EDITOR’S NOTE: Every week, columnist Neil Ball shares photos and profiles of local birds that he’s seen, studied and photographed in our area.

Meet the Bald Eagle

By Neil Ball

B-Town Birds: Meet the Bald Eagle 1

B-Town Birds: Meet the Bald Eagle 2

The adult Bald Eagle is unmistakable. With their dark brown body, white head and feet and yellow talons and beak, they are a stunning bird. Males and females are colored alike, but the female Bald Eagle can be up to 25% larger than the male. Identifying the juveniles is a little harder. The juvenile Bald Eagle can take five years to develop the distinctive color scheme. They will start off as just being dark brown, but will become more mottled, with white streaks in the chest and wings. In this phase, they are often mistaken for a hawk.

The Bald Eagle was almost wiped out in the lower 48 states by the widespread use of DDT. It was not the insecticide itself that was killing the eagles, but the chemical affected the eagle’s ability to produce hard eggs. The soft eggs were easily crushed by the parents trying to incubate them. But the eagles have made a miraculous recovery. They can now be found in the 48 contiguous states, Alaska, most of Canada and northern Mexico. While it is still protected, it is no longer considered to be threatened.

The Bald Eagle is an opportunistic feeder. Their preferred fare is fish which they swoop down and snatch off the surface of the water. They will also grab waterfowl using the same technique. But the eagles are not above scavenging the dead and dying salmon after their spawning, or stealing food from other predators, including other eagles.

Eagles are grand nest builders often using the same nest year after year. They prefer nest sites high is sturdy trees close to their food source, the water. Each year the eagle reuses the nest, they will do a remodel adding another layer onto the last year’s structure. The largest eagle nest ever recorded was over 9 feet wide, 20 feet deep and weighed over a ton.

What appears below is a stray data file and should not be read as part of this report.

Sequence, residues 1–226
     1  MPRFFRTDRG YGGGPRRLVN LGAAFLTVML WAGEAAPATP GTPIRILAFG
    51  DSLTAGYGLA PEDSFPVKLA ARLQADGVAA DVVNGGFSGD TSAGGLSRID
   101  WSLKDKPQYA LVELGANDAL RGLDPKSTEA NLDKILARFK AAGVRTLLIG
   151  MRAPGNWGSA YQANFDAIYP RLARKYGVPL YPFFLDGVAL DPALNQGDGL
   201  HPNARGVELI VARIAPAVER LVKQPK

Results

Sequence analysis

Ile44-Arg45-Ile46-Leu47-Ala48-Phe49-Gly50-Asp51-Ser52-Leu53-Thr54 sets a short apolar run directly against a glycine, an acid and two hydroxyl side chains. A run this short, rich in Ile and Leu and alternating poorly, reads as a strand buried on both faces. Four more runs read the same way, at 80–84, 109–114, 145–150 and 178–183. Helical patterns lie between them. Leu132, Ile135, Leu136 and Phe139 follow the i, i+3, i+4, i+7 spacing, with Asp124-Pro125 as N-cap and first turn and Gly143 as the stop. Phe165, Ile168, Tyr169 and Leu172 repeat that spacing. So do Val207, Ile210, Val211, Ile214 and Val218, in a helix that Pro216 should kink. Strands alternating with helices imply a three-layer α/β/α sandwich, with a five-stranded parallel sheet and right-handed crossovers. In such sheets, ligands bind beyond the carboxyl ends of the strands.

Bald Eagles are sacred birds in many North American cultures. Their feathers and talons are used in ceremonies and in costumes. Because the eagle’s feathers are protected, there is a National Eagle Repository where dead eagles are kept, and their parts are distributed to registered users. It is illegal to possess an eagle feather unless you are registered and have obtained it from the Repository.

The Bald Eagle is, of course, our national bird. Selected by the Continental Congress in 1784, the eagle is depicted carrying a sheave of 13 arrows in one talon and an olive branch in the other signifying peace through strength. The Bald Eagle was not the first choice of Benjamin Franklin, however. While popular opinion is that he preferred the Wild Turkey over the eagle, it is true that he felt the Bald Eagle had “bad moral character.” If he had gotten his way, Thanksgiving would be a little different.

Questions, suggestions, requests? E-mail me at [email protected].